Making repetition less repetitious
Variation on four quarter notes
Rhythm Changes with syncopated bass
Alternating octaves
Alternating Octave Blues
When to use which bass rhythm
Getting it down on paper

SECTION TWO/Part 3: Oom-pah power
Great Scott!
Finding the root/fifth of a scale
Root/fifth of the C major chord
Oom-pah Rhythm Changes
Putting some oomph into the oom-pah
Lowering the oom-pah
The not-so-perfect fifth
Let's all root for the fifth
View of Blues
Your turn

SECTION TWO/Part 4: Marking major and minor
Distinguished notes
Locating thirds using scales
Using the C major scale to locate major thirds
finding minor thirds
Using the C melodic minor scale to locate minor thirds
Absolute measuring: the chromatic scale
The chromatic scale spelled in sharps
The chromatic scale spelled in flats
Juggling thirds
Exercise A
Exercise B
Building chords by stacking thirds
Two plus two
Using major and minor thirds in arranging
Mandatory thirds
Rhythm Changes with thirds
An OK Place to Be
Answers to Exercises A and B

SECTION TWO/ Part 5: Accompanying with arpeggios
The Natural
Rhythm Changes with arpeggios
Right-hand fingering
Left-hand fingering
Alternate arpeggiation style
Arpeggio samples
Reality enters
Rhythm Changes with reality
Your turn

SECTION TWO/ Part 6: Harmonizing a melody with a third below
Quick and EZ thirds
Making the top note ring out
Rhythm Changes in thirds
Interval makeup of chord symbols
Perfect matches-- or not
Adjusting the fit
Bringing back the bass
Rhythm Changes in thirds plus bass
Third this blues
Third this blues (completed)

SECTION TWO/ Part 7: Harmonizing with tenths
Tenths: the dropped third
Rhythm Changes with parallel tenths in the bass
Rhythm Changes with mixed intervals
Improvisation on Rhythm Changes
Trippingly, with tenths
Walking tenths
Accompaniment using walking tenths
There's tenthing tonight on the old camp ground

SECTION TWO/ Part 8: Harmonizing with sixths
Another natural
Rhythm Changes déjà vu
Multipurpose sixths
Parallel Me, Baby
Crackers and Muscles
Show Me the Way to Go Sixths
Crackers and Muscles (completed)
More is less
Training in A

SECTION THREE: Professional Fingerstyle Jazz Guitar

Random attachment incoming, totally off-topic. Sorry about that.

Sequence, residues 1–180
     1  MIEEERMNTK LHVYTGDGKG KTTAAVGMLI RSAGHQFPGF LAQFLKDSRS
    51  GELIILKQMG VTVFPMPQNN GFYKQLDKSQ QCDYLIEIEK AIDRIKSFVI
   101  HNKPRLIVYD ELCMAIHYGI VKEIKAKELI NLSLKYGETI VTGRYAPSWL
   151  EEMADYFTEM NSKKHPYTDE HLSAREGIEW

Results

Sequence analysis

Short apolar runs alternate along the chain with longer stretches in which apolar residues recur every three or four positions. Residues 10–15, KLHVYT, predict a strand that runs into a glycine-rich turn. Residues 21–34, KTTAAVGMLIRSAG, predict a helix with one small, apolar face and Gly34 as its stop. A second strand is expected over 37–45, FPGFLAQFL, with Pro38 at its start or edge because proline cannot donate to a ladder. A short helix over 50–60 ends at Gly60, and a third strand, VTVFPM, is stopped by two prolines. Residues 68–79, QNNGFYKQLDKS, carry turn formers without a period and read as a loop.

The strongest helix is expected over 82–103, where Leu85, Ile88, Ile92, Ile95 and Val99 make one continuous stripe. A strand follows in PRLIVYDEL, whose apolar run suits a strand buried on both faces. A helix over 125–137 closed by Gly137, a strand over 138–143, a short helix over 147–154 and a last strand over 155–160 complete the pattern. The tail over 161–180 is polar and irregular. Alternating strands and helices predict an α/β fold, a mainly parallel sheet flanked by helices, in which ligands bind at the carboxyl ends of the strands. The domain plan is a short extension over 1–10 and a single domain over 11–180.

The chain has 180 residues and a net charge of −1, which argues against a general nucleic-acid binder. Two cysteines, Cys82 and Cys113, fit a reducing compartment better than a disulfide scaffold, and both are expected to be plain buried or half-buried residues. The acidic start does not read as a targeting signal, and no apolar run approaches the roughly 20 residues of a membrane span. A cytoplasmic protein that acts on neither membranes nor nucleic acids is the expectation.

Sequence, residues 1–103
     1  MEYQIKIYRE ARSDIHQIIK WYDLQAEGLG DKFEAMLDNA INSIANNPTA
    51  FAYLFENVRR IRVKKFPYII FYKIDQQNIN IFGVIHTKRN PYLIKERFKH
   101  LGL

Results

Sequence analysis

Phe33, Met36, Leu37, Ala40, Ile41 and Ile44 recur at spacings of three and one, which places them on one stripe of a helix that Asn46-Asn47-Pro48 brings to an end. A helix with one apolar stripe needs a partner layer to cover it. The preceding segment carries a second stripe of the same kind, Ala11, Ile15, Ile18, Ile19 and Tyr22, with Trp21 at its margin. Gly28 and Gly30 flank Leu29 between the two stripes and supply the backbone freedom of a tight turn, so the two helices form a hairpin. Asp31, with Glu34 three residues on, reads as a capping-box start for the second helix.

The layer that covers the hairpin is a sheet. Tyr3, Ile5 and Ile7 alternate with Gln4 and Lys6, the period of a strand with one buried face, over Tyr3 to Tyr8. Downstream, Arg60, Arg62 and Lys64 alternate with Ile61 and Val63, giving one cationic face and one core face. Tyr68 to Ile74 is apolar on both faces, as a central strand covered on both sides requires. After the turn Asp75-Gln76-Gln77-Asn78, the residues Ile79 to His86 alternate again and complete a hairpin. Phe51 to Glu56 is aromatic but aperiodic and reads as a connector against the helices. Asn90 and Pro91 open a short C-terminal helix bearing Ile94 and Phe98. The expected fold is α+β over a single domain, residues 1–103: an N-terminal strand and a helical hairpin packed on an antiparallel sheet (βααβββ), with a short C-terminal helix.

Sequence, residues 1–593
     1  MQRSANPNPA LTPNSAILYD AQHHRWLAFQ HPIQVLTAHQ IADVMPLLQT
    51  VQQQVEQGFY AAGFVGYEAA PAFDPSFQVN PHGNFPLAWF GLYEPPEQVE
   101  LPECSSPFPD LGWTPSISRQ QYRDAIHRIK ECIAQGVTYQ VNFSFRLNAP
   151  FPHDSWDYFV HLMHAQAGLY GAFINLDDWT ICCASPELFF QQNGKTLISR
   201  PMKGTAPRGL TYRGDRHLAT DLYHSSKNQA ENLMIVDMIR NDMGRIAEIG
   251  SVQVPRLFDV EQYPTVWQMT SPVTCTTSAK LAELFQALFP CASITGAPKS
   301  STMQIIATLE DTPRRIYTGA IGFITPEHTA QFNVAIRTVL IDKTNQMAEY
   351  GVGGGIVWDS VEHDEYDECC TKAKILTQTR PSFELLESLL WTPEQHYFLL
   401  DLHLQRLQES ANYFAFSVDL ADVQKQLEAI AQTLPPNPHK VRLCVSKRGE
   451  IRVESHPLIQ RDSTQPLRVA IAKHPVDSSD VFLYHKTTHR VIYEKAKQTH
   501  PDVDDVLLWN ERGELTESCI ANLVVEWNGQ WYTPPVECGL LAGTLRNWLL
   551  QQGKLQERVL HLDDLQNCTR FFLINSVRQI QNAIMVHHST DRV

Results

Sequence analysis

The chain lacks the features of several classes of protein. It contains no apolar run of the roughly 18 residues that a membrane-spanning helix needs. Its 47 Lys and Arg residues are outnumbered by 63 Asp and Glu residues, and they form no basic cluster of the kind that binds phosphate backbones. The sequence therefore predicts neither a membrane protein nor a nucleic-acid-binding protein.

SECTION THREE/Part 1: Harmonic background
Complete fingerstyle jazz guitar
May I presume--?
Something to play upon
Jazz harmony
Chord qualities
Standard chord voicings
Root position, thirds an octave higher
Root position, thirds and fifths an octave higher
Harmonic movement based on scale steps
Diatonic walking tenths
Diatonic walking sixths
Harmonic movement based on the cycle of fifths
Root movement using the cycle
Focusing on fifths
Chromatic harmonic movement
Ascending by half step

SECTION THREE/Part 2: Self accompanying
One is company
Root movement
Double bass notes, root movement
Mixes bass rhythms
Repeated figure bass
Root/fifth alternation (simple)
Other alternating bass notes
Non-root movement
Walking bass (diatonic)
Walking bass (chromatic)
Folk jazz
An abundance of riches
Stomp romp
Alternating bass on hormones
When melody and bass overlap
Oom-pah meets arps
Melody accompanied by tenths in the bass
Autumn Sneeze
Piano movements
Closer voicing
Leading with a two-note comp
Sneezing and comping
More non-root movement
Music in three parts

SECTION THREE/Part 3: Capable accompanist accoutrements
Fingerstyle accompanying
Those other playmates in your sandbox
Accompanying singers
Guitar and bass comping behind a soloist
Some Day My Prints Will Arrive
Guitar duets
Imagine Nation
Accompanying with one note at a time
My Gummy Valentine
Bird Adobe Song
Guitar and flute duet
Body and Sole
Guitar and --

SECTION THREE/Part 4: Expressive devices of jazz
Making jazz jazzy
The underlying rhythmic pulse: Quarter note
The feeling of swing
Accented notes on off-beats
Oo-bah oo-bah
Ghosting notes by plucking lightly
Ghosting notes by using slurs
Slides and fall-offs
Rhythmic displacement
The whole thing
In a Yellow Phone

SECTION THREE/Part 5: Pedaling the cycle of fifths
Why the cycle of fifths is important
Notation conventions
Root movement
V7-I with opposing movement
V7-V7 with mixed movement
V7-I tritone pull
Chords, pieces, and lines
The spread
More tenths
Bassman--the bass, man!
Harmony today
Less relentless
Cycled out

SECTION THREE/Part 6: Intros, endings, turnarounds, tags & modulations
An introduction by any other name
The ins and outs of I-V7, V7-I, and IV-I
A moving experience
Classic drama
II-V7 within one measure
II-V7 over two measures
Purposeful ambiguity
Peaceful, easy feeling
2-in-1 EZ cheap trick
Cycling to the end
Minor matter
Turnarounds (turnbacks)
Turnaround with modulation
TAGS (Codas)
Tag me if you can
Tag, you're it
Nothing special
Instant modulation: V7-I
Taking time
Back cycling
Smoother moves: II-V7-I
Descending chromatically
Approaching by half step
Mozart's fakeroo

SECTION THREE/Part 7: Fun Jazz
Are we having fun yet?
Blew Moo
Good Evening, Friends
Ain't Miss Bee Haven
Stringing the World Along
Roots in A
Bird Abode Song
3 on 4
Further study